“‘You have heard that it was said, ‘You shall love your neighbour and hate your enemy.’ But I say to you, Love your enemies and pray for those who persecute you, so that you may be children of your Father in heaven; for he makes his sun rise on the evil and on the good, and sends rain on the righteous and on the unrighteous. For if you love those who love you, what reward do you have? Do not even the tax-collectors do the same? And if you greet only your brothers and sisters, what more are you doing than others? Do not even the Gentiles do the same? Be perfect, therefore, as your heavenly Father is perfect.” (Matthew 5:43-48)
I can only speak for myself, but this is one of the most challenging — and influential — passages of scripture I have ever read.
It has helped flip my world completely upside-down.
In my humble opinion, this section of Matthew helps us understand who God is, why he came to earth and why he died.
Loving an enemy goes against everything I “naturally” believe in. The definition of an enemy itself requires that person to be actively opposed or hostile toward me. They are openly trying to undermine my health, wealth and/or prosperity.
An enemy is the very definition of the person (or group) whom I am permitted to take defensive action against and wish/pray their plans will fail and I will be victorious.
And yet … here is this passage in Matthew telling me not just to ignore my enemy, but to:
Love my enemy.
Pray for them, which means to seek their good, blessing and prosperity.
To not resist their efforts to oppose me (turn back a few verses to v.39).
And the reason given for this … ?
It’s not that it will succeed. It’s not that it will work and I will emerge victorious.
It’s because this what God is like!
If we are to be his children (having his DNA; the stuff he is made of) we will act this way. He sends the sun and rain for everyone. He blesses without any consideration of what we have done to him; whether we are for him or against him. In fact, it is in this that we will be made perfect as he is; his perfection is found in the fact he actively seeks the good of the very people who wish him harm.
I can’t think of a single command in the bible that is followed less than “love your enemies”.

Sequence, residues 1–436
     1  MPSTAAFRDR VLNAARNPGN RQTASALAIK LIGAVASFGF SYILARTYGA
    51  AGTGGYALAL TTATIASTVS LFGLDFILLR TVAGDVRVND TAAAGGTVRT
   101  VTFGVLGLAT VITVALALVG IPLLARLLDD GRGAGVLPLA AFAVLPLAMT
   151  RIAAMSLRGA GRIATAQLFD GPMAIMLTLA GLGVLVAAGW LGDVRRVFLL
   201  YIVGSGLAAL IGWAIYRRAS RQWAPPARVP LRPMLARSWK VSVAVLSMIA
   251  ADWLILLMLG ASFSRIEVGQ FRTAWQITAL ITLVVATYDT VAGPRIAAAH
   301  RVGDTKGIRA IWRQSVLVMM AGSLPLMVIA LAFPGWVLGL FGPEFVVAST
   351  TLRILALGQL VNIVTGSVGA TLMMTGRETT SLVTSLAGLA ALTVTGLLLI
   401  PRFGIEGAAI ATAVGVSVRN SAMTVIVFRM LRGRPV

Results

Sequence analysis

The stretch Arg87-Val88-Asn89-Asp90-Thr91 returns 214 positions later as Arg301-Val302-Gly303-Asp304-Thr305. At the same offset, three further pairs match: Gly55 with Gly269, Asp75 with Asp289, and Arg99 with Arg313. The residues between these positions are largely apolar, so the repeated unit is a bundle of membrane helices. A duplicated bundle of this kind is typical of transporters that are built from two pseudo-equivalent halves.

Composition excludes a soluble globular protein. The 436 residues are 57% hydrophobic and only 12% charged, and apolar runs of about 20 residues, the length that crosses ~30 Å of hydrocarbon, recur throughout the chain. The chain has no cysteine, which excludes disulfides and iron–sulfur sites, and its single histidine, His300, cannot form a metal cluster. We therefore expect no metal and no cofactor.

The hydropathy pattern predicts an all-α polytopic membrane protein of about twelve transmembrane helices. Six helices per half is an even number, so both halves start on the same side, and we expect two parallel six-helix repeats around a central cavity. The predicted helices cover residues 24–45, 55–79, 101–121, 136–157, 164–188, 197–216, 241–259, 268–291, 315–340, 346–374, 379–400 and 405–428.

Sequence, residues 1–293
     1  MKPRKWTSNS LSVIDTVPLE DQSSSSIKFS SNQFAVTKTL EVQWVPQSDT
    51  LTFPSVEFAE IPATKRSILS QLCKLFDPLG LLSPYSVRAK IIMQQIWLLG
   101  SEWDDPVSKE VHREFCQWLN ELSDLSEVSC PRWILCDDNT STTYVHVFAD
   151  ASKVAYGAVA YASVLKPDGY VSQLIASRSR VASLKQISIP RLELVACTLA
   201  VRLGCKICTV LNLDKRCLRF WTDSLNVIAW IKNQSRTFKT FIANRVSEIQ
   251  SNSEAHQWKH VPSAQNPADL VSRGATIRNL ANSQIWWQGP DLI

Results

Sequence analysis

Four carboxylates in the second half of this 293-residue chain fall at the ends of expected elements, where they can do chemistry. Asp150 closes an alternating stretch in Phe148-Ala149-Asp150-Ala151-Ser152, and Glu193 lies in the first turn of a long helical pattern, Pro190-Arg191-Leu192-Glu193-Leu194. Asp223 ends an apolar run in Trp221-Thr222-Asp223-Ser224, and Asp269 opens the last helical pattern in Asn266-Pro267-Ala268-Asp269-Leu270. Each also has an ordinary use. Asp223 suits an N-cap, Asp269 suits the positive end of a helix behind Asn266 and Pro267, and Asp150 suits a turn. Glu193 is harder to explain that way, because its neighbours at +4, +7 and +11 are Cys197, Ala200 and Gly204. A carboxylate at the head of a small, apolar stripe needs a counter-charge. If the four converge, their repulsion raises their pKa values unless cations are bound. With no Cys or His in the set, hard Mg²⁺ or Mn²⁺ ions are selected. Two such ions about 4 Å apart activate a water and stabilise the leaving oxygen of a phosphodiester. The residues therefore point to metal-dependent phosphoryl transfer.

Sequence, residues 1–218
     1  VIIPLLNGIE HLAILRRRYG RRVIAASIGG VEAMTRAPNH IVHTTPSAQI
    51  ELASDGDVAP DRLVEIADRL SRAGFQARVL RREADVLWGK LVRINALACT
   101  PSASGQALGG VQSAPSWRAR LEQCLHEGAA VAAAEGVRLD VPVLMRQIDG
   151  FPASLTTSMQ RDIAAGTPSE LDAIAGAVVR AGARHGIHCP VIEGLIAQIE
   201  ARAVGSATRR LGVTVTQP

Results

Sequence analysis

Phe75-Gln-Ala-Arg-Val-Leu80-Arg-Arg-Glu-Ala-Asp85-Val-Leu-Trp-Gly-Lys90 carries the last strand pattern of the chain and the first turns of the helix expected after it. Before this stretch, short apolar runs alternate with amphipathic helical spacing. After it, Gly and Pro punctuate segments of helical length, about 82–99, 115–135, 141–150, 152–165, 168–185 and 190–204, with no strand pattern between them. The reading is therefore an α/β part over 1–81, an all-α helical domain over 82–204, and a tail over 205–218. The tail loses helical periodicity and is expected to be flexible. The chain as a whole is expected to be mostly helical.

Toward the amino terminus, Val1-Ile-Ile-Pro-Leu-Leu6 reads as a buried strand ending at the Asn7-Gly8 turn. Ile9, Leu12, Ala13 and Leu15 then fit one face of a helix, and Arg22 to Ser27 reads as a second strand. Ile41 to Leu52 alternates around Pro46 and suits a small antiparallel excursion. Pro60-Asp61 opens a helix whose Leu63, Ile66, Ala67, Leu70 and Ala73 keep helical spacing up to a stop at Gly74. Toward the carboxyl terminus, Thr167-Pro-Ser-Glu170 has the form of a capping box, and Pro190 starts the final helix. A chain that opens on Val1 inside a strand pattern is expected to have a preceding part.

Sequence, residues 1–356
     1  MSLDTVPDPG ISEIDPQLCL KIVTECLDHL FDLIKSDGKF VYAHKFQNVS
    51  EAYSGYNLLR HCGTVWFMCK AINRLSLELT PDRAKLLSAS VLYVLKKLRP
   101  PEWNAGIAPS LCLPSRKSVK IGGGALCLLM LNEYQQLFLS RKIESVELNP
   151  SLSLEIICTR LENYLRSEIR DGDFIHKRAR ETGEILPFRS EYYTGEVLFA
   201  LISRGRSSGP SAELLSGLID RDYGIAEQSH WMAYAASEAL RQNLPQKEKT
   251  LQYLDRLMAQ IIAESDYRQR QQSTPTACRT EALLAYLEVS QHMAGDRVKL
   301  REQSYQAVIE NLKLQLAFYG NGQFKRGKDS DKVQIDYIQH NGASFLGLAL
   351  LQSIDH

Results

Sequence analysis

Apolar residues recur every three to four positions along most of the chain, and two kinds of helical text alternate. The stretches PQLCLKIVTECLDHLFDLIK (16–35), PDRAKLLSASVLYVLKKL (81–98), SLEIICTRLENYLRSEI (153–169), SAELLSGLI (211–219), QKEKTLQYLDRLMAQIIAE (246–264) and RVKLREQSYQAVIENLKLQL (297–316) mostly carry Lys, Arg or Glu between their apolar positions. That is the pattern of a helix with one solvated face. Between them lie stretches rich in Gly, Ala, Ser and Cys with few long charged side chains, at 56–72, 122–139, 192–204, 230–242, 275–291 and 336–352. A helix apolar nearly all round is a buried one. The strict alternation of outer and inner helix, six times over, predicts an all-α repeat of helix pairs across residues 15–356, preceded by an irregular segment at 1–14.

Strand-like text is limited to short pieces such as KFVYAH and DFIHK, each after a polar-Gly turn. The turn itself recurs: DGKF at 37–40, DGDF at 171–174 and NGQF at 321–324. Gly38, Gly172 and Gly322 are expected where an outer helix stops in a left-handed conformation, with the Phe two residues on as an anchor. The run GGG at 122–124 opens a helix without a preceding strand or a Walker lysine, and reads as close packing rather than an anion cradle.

We like to create tribes, groups, labels and other ways of distinguishing who is in and who is out. Who do we need to show respect to and who can we demonize.
We, like the religious expert in Luke 10, ask “And who is my neighbour?” or try to define what limits can be placed on the definition of an “enemy”, but Jesus (and Paul after Him) doesn’t leave any wiggle room.
Loving our enemies; doing good for people who mean us harm; never seeking revenge; responding to attacks with love — even if it means our own suffering … these are not things we can choose or not choose. These are the “primary traits of those who claim to follow a crucified God.” (1)
This is what it means to be citizens in the kingdom of God — a God who allowed himself to be sentenced to death by the people he came to save. And while experiencing the worst torture we could dish out, cried “Forgive them. They don’t know what they’re doing.”
While it makes no sense whatsoever to us, suffering is not something we are told to avoid. We are told to endure suffering, to not resist someone who mistreats us and to submit to punishments handed out by authorities even when they are unjust.
This is what it means to love our enemies — and I’m not sure I’m comfortable with that … but I guess that doesn’t matter if I am to be a child of God.
Throughout the New Testament we see enemy love heralded as a key component of what it meant to be a follower of the way. The same was true for the first 300 (ish) years of the early church. (According to Tertullian, loving enemies was the ethical heartbeat of the early church and what separated Christians from everyone else).
In fact, it wasn’t until Christianity became the official religion of Rome that people began to become seduced by power and used it to enforce their will (read: morals and beliefs) on people instead of serving them with love. Tragically, we continue to believe that if we can just enact godly laws we will improve our nations. Or if we can simply force people to obey our moral codes the world would be a better place.
What if we truly believed and obeyed what Jesus said and started to love our enemies?
What if we actively sought the good of people living in ways we disagree with and/or who seem to openly oppose us or the things we stand for?
What if we sought to humbly serve those people we deem as undermining the “moral fabric” of our countries?
What if we were once again known for our love — not just of the people in the pews next to us, but to our neighbours, our families, our enemies, those people we despise the most and the people who are seeking the destruction of everything we hold dear.
What would that look like?
God only knows!
1. Preston Sprinkle; Fight